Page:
Accessible web design is a way of building a website so that people who may experience difficulty accessing the information from or purchasing goods or services on a website can do so. These difficulties range from older hardware/software and slower internet connections to people for whom English (or whatever language the website is presented in) is a second langue to people living with disabilities. It is for this last group that most effort is expended when considering accessibility and where this article will primarily focus. However it is important to note that all accessibility issues are interrelated and can help a website do its job better for any potential client.
People with partial or complete visual impairment present perhaps the biggest set of challenges to the web designer. After all, the web is primarily a visual medium. The power of the web, though is that it doesn’t rely on only one way of presenting. A video can have running captions for the hearing impaired. Text can be resized for those who find it too small or colors changed for people who can read it better with different contrasts. And it can be read aloud for those who can’t see it at all.
Many blind and partially sighted internet users rely on what are known as screen readers. These are programs which act a bit like your browser except, as the name implies, they read what is on the page aloud. They allow the user to not only hear the copy but also to navigate through the website, enter information into a purchase form, and even glean data presented in graphs, maps, or other images – if the page has been designed with this in mind.
In order to explain how we need to understand a little of how a web page works. As you probably know, what you see on a webpage is what the author has chosen to show you – to accomplish that she needs to write so called code. To see what it looks like simply look at the top of your browser and find View. There find the View Source (or something similar) and click it. A page will appear which, if you don’t read HTML, looks like gibberish. This is the language of web presentation. Most of that code is there to tell your browser how to present the page. On a given page there are likely to be decorative images like navigation buttons, informative images like maps, text, and navigation. There may also be videos, embedded sounds, animations, complex forms, etc. And if the page has been designed with accessibility in mind then it also contains options so that a person with an older computer or a screen reader can still benefit from the information or services being presented. This is accomplished by including bits of HTML code which screen readers can find but which may or may not appear on a browser. For instance adding a little to the code which presents and places a picture can also include a verbal description ordinarily it is invisible but a screen reader will find it and read it aloud.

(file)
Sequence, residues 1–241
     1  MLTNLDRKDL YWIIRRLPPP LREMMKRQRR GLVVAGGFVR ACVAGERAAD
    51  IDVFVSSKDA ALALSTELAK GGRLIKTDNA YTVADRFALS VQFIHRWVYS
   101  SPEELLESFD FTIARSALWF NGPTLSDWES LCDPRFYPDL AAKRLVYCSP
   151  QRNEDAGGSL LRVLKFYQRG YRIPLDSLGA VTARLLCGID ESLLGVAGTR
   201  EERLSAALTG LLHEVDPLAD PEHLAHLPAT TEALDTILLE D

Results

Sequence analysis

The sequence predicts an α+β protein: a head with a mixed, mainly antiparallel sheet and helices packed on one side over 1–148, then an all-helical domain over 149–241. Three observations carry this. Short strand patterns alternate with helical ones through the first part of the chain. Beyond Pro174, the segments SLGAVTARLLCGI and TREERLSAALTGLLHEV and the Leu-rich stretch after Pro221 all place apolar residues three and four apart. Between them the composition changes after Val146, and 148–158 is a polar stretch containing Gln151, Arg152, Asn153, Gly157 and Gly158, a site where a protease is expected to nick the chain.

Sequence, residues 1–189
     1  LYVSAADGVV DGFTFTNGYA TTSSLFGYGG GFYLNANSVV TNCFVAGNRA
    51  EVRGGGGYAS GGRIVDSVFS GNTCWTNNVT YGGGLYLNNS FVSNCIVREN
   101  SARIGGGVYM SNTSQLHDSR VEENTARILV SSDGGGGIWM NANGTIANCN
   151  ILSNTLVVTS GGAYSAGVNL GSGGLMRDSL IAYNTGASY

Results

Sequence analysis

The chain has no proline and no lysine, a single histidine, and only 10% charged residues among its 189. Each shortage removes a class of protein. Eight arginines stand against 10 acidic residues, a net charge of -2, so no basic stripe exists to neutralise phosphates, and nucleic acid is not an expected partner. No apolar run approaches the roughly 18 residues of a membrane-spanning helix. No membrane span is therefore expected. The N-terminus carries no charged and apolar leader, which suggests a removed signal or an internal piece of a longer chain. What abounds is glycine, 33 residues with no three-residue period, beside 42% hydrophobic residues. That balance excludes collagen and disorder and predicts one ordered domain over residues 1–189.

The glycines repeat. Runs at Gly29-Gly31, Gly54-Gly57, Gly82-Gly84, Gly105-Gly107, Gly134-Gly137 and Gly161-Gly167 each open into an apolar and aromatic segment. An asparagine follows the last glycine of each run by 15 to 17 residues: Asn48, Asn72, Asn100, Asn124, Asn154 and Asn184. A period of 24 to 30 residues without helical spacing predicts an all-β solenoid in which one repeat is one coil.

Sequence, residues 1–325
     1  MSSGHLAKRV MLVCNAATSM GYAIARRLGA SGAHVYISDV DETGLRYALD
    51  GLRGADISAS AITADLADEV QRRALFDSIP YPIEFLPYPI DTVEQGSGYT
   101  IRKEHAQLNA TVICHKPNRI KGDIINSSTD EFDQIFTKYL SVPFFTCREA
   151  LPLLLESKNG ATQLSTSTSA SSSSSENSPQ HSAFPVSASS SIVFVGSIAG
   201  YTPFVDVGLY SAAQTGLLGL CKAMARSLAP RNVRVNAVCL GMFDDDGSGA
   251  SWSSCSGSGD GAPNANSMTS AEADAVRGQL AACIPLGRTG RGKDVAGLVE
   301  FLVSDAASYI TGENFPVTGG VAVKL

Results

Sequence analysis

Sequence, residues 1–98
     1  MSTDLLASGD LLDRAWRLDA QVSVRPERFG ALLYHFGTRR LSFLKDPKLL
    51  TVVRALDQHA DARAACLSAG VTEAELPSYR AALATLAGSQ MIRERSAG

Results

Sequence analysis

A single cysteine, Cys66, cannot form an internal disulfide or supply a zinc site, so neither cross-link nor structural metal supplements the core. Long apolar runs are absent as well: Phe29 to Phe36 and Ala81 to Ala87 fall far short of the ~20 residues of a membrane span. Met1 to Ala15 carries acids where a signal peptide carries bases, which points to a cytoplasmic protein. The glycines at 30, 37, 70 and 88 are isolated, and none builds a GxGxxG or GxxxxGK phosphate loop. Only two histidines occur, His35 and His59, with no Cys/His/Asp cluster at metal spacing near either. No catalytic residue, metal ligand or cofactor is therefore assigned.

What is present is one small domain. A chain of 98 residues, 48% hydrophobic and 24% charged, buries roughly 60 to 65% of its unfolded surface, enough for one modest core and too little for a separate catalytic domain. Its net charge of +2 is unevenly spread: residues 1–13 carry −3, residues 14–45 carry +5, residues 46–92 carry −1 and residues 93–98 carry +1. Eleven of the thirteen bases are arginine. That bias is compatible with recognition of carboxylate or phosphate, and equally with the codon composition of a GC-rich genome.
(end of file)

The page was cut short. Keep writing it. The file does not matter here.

Now this article is about how making all this extra effort will increase sales to everyone. After all, going through the process of website accessibility testing , the first step, and then changing a current site accordingly can’t be free. And though it need not be expensive, true enough it isn’t free.
There are two main reasons why the investment is worthwhile – beyond the moral and legal aspects.
First, adding the bits of code, such as in the case of pictures, gives your designer the chance to add keywords, which search engines look for in a page to determine your site’s ranking. Also, by using quality accessible design techniques your page will be more attractive to search engines. Search engines use software usually called robots or spiders to read a page – visually impaired users use software screen readers to do the same. Most of the elements and techniques which make a page attractive to one are exactly what is needed to be attractive to the other.
Second, one of the things accessible design makes one think about when designing a page is how to streamline the process the page is created for. If something is for sale, discount airline tickets, for instance, then how do we make the pitch, search out the specific tickets, and take the payment information as efficiently as possible. What extras, like nifty graphics, seductive seaside sounds, or blinking headlines help us achieve our goal and which distract? The average web user decides whether to stay on a new web page in the first five seconds and they allow for one or two frustrating moments. Then they leave and find your competition. Removing obstacles and making the next step clear and easy will help everyone do business on your website.
To turn that potential client into a real, paying one you need to use all the tools available. Accessible design is one of the more powerful ones you have. It opens up a whole new potential group of clients with visual impairments or don’t read English too well who need access to internet services but it also makes making that sale to any visitor to your site that much more likely.
Nik Page Has been working in SEO, website accessibility and usability testing since the early 90's.
He is currently General Manager of Page Accessibility Labs